Excuse Me! Five Soft Contact Kings

Yesterday, I discussed the debut of Nomar Mazara, specifically looking at the excuse me swings he takes when fooled. The hypothesis is that he’ll be fooled less in the future. More hard contact and fewer grounders should follow. Making contact at any cost is all well and good with two strikes, but even then it’s often sub-optimal. Better to trade a few strikeouts for more doubles.

Of course, Mazara is hardly the only player to tap soft grounders when fooled. Today we’ll look at five distinct cases of players with lofty soft contact rates.

The Slappy Rabbit

Dee Gordon is coming off his worst season since his 2014 breakout. His .319 BABIP was well-below his career rate and his 29.7 percent soft contact rate would have qualified as one of the highest such percentages in the last 10 years if he hadn’t missed half the season to a PED suspension.

A player like Gordon uses PEDs because the grind of a 162 game schedule can be tough on a tiny body. It can also be tough on a large body. It’s just tough. However, unlike Ryan Braun and other sluggers, Gordon’s use was purely therapeutic. It only affected his performance insomuch as he was healthy enough to play with more energy on a daily basis.

Gordon’s supposed to make soft contact because he would ideally never strike out. He regularly posts infield hit rates above 10 percent, meaning every dribbler has an over 20 percent chance to convert to a hit (if it squeaks through the fielders, it’s not counted as an infield hit).

Gordon was probably thrown off by his suspension, although it’s worth noting his poor play in early April. We should expect his soft contact rate to improve into the 20-24 percent range. Gordon’s is a common profile shared by Billy Burns, Ben Revere, Travis Jankowski, Jarrod Dyson, Odubel Herrera, Ender Inciarte, and others.

The Supposed to be Star

What happened to Jason Heyward? His soft contact rate spiked to 27 percent. In this case, I can’t verify his troubles are the result of half-hearted swings because I didn’t watch him enough during the regular season. My focus was on other Cubbies.

Perhaps some commenters can chime in, because his batted ball data passes the “excuse me” smell test. Like Mazara, he’s posted sub-30 percent hard hit rates throughout most of his career. He’s also a pull-happy hitter with a high ground ball rate. The entire profile is eerily reminiscent of Mazara’s debut, right down to the youthful age.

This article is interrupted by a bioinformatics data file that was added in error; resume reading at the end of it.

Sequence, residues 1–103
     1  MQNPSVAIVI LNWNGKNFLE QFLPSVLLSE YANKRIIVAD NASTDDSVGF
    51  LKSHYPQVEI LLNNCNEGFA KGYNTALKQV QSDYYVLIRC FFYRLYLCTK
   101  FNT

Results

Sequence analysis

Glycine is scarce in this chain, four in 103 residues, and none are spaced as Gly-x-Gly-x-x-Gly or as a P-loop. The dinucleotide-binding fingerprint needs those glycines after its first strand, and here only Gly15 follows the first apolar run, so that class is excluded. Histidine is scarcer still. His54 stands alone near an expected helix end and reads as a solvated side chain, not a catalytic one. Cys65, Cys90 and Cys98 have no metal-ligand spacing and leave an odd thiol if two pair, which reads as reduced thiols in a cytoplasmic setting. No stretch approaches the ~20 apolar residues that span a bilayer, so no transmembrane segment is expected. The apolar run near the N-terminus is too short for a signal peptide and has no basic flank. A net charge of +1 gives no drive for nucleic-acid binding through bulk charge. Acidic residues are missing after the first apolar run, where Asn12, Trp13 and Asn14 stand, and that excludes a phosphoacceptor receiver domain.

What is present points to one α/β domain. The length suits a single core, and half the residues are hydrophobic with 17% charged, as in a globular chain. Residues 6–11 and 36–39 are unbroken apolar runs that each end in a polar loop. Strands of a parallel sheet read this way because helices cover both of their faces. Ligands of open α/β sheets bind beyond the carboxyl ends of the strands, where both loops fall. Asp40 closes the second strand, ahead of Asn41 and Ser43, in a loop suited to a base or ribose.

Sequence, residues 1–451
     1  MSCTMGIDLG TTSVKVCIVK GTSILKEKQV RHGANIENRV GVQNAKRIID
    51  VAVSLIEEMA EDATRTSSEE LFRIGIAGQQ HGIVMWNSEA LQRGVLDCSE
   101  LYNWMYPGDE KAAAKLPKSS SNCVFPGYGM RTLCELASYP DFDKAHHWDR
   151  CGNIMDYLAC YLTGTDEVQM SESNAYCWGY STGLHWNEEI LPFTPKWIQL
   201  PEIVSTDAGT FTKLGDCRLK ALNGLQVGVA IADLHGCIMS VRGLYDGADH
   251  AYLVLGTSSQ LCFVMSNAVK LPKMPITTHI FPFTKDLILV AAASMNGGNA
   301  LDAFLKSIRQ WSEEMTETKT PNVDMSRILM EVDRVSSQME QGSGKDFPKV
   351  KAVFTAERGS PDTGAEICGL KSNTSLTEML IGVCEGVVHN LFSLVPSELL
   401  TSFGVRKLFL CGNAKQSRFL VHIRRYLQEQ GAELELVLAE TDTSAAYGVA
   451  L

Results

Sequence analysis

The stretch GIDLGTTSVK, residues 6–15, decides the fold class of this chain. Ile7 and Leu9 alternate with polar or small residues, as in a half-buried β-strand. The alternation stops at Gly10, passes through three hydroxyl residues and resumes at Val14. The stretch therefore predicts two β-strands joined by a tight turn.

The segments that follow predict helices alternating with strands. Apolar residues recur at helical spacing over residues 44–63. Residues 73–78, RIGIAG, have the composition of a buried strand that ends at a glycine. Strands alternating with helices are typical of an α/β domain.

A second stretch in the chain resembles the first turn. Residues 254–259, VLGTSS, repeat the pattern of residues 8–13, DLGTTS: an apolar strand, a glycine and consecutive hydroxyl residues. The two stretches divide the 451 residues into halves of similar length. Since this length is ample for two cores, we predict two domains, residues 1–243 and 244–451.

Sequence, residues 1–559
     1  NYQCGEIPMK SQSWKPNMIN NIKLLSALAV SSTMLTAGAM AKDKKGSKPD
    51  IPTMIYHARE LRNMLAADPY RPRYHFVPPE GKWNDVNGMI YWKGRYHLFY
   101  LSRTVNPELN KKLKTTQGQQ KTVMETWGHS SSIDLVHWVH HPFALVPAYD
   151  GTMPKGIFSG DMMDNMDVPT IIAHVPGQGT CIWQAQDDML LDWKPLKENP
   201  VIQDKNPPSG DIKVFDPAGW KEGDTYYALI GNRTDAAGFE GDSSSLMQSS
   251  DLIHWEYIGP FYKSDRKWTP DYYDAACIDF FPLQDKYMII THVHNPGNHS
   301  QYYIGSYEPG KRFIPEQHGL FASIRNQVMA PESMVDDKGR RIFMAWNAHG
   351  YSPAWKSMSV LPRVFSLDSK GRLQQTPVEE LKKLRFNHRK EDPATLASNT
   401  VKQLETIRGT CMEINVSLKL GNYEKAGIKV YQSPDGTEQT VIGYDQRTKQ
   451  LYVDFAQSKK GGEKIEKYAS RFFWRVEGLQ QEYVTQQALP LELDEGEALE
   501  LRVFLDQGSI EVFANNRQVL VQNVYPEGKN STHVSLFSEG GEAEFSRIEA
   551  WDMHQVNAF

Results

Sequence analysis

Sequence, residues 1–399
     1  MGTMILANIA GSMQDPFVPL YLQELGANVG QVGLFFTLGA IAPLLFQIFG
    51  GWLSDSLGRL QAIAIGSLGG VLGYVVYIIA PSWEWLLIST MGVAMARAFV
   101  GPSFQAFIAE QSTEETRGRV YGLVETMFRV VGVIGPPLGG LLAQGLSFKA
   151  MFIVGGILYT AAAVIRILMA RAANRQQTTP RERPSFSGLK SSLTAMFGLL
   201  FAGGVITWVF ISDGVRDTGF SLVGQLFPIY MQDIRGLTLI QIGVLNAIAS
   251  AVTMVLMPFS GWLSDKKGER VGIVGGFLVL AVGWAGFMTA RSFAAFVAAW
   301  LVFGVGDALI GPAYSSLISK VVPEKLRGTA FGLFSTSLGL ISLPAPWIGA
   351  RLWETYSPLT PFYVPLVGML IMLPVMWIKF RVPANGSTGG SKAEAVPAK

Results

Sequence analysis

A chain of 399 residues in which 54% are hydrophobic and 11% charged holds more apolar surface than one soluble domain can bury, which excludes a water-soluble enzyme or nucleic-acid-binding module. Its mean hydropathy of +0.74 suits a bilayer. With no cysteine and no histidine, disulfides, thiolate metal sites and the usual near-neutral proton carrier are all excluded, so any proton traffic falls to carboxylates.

To be entirely honest, I’ve long been flummoxed by Heyward. His 2016 performance has left me more confused than ever. Few should-be-stars have high soft contact rates. Addison Russell, Brad Miller, and Hanley Ramirez jump off the page.

The Inexperienced

Jurickson Profar debuted as a 19-year-old in 2012. Shoulder injuries held him out for all of 2014 and most of 2015. In his successful return to regular action, Profar looked overmatched at the plate. He was passive at times, taking too many drive-able strikes. He also took too many excuse me swings.

The batted ball profile was similar to Mazara and Heyward – a high ground ball rate with too much soft and pulled contact. Given the layers of rust on Profar’s toolbox, it’s no surprise he under-performed last year. We should see a climb in hard contact in future seasons as he grows more comfortable at the major league level.

Russell also fits this profile. The soon-to-be 23-year-old has plenty of offensive potential, but his glove has been ahead of his bat through his first two major league seasons. He flashed breakout potential in 2016.

The Playing Through Injury

Let’s return to Ramirez. His soft contact rate has spiked since joining the Red Sox in 2015. He’s dealt with a flood of injuries over the course of his career including rumors of a dozen minor ones in 2016. Overall, he posted a 22.6 percent soft contact rate.

The month-by-month analysis reveals a 29.3 percent soft contact rate in May, corresponding to rumors of a couple ailments. He also had a 14.9 percent line drive rate and 25.7 percent fly ball rate during May. Remove the one bad month (and the first few days of June) and his season looks like vintage Ramirez.

As mentioned, Ramirez is always hurt. One shouldn’t count on him to be healthy in 2017. He’s probably going to have another month like May. Monitoring his soft contact rate can help you to identify when to start and sit him.

The Weird Guy

I wrote about Ryan Schimpf and his ridiculous batted ball profile earlier this week. Schimpf had a seemingly impossible 64.9 percent fly ball rate coupled with a 39.7 percent hard hit rate. Also part of the profile was a 22.4 percent soft contact rate which ranked him among the 30 worst.

I don’t have anything more to add about Jumbo Schimpf. He is a lottery ticket. A really weird one. There has to be regression in here somewhere. Will it be positive, negative, or a little bit of both? I’ll bet on ‘both.’





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KJLmember
5 years ago

I believe Gordon was aware of his positive test before the season started.